ST. PETERSBURG — Brandon Allen had every reason to be anxious.
His last time up to bat was April 7 when he was still with Oakland, and the closest he'd been to getting on the field since being claimed off waivers by the Rays last week was catching the ceremonial first pitches before Wednesday's game.
So, naturally, he found himself at the plate, pinch-hitting in an eighth-inning situation and driving in the decisive run in the Rays' 3-2 win over the Angels with a bases-loaded walk by showing his patience.
"I had to calm myself down every pitch," Allen said. "I had a lot of feelings going through me."
The Rays led 2-1 at the time, and manager Joe Maddon felt it important to add on. And he liked Allen against veteran Angels reliever Jason Isringhausen, a former Ray, who had already loaded the bases on three walks (one intentional).
Allen took a ball, swung and missed, took two more, fouled off a good pitch at 3-and-1 then took ball four.
"He worked a great at-bat," Maddon said. "He was up there very calmly. I was very impressed with that whole moment."
It was even more important because what looked at the time like an insurance run turned out to be the difference when the Angels came back with a run in the ninth, thanks to an error by Ben Zobrist at second base.
"That was a big at-bat," Zobrist said. "The game-winning at-bat really."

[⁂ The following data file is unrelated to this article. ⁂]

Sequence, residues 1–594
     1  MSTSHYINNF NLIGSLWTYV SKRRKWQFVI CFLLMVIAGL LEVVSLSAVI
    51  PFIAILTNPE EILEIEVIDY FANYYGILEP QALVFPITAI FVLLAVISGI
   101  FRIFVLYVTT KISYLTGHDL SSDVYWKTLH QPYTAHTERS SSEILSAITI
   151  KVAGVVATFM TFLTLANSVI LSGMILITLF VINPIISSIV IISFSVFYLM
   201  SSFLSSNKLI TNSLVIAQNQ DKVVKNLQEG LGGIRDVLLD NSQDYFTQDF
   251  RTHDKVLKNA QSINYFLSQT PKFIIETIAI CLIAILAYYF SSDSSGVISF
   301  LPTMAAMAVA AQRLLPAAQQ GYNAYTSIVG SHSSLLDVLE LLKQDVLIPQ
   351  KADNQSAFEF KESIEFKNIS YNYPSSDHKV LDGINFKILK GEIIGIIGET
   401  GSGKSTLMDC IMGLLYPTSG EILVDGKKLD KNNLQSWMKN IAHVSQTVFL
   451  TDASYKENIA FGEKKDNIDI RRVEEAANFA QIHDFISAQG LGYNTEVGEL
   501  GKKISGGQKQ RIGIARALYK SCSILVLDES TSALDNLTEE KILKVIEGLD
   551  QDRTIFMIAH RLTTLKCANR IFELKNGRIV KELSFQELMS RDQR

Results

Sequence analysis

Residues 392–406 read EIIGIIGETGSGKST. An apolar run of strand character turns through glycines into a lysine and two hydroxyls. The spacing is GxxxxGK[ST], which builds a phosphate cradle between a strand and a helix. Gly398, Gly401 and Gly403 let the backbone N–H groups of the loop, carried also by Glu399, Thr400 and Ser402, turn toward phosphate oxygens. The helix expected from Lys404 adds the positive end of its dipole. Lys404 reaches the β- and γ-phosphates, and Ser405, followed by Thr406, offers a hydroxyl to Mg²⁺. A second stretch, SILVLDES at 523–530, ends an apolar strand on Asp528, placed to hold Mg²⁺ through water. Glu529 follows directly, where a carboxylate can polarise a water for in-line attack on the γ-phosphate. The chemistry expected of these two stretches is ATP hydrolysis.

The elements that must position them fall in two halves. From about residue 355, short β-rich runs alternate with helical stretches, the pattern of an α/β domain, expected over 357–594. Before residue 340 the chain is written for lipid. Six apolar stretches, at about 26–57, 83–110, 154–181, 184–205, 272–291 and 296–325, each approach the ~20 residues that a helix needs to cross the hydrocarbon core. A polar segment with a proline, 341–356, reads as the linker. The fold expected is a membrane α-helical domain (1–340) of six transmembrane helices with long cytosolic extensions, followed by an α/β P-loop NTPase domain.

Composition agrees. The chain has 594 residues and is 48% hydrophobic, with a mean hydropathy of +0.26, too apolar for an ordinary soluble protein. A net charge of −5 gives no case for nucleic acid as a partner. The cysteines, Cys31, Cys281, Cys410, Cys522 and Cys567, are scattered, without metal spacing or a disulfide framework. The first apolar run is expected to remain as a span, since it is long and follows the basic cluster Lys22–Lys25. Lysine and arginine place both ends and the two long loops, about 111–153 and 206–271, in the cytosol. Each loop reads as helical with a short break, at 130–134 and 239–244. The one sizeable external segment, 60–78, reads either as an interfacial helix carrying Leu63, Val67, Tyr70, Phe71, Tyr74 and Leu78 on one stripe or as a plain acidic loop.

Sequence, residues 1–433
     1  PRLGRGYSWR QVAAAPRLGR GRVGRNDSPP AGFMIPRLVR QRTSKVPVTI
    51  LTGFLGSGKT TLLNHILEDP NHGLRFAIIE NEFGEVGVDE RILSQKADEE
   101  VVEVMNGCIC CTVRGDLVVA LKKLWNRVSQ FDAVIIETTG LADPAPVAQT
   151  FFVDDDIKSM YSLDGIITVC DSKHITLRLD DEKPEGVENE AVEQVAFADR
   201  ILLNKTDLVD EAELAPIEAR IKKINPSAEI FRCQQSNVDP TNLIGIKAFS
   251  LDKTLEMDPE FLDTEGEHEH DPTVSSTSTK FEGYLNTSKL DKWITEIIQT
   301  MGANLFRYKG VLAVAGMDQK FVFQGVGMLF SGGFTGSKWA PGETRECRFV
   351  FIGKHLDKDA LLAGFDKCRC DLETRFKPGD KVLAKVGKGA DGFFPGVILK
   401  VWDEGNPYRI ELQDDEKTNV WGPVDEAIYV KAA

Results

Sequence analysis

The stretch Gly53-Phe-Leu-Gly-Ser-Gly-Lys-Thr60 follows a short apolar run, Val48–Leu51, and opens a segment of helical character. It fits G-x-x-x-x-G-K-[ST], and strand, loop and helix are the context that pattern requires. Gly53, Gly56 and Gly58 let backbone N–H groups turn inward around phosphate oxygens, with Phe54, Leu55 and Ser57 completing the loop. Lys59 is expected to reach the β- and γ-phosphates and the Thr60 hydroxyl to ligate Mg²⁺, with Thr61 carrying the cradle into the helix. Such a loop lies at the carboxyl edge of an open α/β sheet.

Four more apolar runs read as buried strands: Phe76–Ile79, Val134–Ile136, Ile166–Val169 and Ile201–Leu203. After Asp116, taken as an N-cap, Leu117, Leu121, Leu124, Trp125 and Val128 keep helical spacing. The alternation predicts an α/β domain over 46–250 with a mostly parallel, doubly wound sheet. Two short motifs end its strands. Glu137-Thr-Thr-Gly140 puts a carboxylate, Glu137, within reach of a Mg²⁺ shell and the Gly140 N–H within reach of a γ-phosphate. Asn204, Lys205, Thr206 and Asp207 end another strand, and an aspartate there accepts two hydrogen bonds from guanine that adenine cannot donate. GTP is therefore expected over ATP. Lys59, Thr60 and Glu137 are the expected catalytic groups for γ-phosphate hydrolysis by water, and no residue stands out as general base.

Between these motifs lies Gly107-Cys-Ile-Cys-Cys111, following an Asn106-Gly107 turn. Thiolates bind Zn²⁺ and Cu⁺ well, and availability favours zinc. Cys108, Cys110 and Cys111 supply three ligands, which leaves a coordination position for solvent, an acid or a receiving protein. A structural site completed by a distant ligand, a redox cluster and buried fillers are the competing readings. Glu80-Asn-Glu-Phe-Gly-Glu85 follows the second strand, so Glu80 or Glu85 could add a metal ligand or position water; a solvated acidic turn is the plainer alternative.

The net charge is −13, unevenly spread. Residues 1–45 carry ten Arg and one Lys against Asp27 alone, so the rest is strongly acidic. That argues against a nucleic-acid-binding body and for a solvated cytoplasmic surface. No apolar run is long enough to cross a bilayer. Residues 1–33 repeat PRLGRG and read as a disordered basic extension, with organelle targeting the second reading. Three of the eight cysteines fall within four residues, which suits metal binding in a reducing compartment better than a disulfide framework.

Allen wasn't the only unlikely star as the Rays won their season-high fourth straight, and sixth of their past seven, to improve to 11-7 and hang on to a share of first place before 14,638 at the Trop.
Catcher Chris Gimenez struck out three times, but Maddon couldn't stop raving about his work behind the plate: the game he called, the pitches he blocked, the play he made on a bunt, the two runners he threw out trying to steal second.
"In spite of not getting hits, he had a great game," Maddon said. "Not a good game; he had a great game tonight, Gimenez did."
And Zobrist, who came into the game immersed in an 0-for-15 skid and with one hit against a lefty pitcher all season, broke out in a big way, with a third-inning home run off former Rangers nemesis C.J. Wilson that put the Rays ahead 1-0.
"I definitely needed that one," Zobrist said. "It's the start of the season and April has not always been the greatest month for me. Hopefully it gets me going a little bit. The good thing is we've been winning."
Fernando Rodney finished to take care of that with his sixth save. Jeremy Hellickson started and won, working six innings while battling some pitch count issues (100 total) but getting the big outs when he needed them, with defensive help from Gimenez and Jeff Keppinger. He twice struck out Albert Pujols, the Angels' $240 million man who continued his miserable start, extending his hitless streak to a career-worst 0-for-19 and his season-starting homerless drought to 72 at-bats.
Maddon liked what he saw from his young right-hander. "I thought he looked more like himself," he said. "He had to work through some messes, I like how he was going about his business."
In a way, that summed up the night for all the Rays.
Marc Topkin can be reached at firstname.lastname@example.org.